Largest Earthquake Ever Recorded Also Struck Chile in 1960
A 8.8 magnitude earthquake struck Chile on Saturday February 27 causing tsunami warnings areas such as Hawaii, Peru, Australia and the west coast of the United States and Canada, and while the 8.8 magnitue was higher than the 7.0 Haiti Earthquake on January 12th, the largest earthquake ever recorded also struck Chile almost 50 years ago, close to Santiago where the 2010 earthquake struck. The 1960 Valdivia earthquake had a magnitude of 9.5 and is still considered the largest earthquake in the world.
According to the USGS, 1,655 people were killed when the earthquake struck on May 22 1960, with 3,000 injured, 2,000,000 made homeless and $550 million worth of damage sustained.
The tsunamis that arose from that earthquake caused 61 deaths and $75 million of damage in Hawaii, 138 deaths and $50 million damage in Japan, 32 deaths in the Philippines and $500,000 worth of damage along the west coast of the United States.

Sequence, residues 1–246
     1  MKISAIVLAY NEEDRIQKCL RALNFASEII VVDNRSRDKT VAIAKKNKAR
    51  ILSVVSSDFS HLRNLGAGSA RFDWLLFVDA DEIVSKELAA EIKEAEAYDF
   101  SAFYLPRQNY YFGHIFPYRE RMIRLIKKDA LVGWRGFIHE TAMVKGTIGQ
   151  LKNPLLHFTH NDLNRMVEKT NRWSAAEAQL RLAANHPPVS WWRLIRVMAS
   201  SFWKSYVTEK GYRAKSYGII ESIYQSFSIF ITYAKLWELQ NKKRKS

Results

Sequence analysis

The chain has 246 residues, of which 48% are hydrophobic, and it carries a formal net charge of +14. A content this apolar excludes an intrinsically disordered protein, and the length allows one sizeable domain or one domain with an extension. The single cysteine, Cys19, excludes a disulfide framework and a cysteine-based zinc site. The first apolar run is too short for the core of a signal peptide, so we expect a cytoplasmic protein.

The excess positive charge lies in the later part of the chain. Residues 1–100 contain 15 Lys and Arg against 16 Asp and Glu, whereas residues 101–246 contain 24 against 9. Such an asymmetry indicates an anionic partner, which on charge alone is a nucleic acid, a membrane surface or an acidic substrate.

Severe damage from shaking occurred in the Valdivia-Puerto Montt area. Most of the casualties and much of the damage was because of large tsunamis which caused damage along the coast of Chile from Lebu to Puerto Aisen and in many areas of the Pacific Ocean.
Just four days after the 9.5 magnitude earthquake struck Chile, Volcan Puyehue erupted and continued for several weeks.
The earthquake had four aftershocks all bigger than 7.0 and one had a magnitude of 7.9 on May 21st. Aftershocks could be felt all the way to November 1st 1960.
This is the largest earthquake of the 20th Century. The rupture zone is estimated to be about 1000 km long, from Lebu to Puerto Aisen.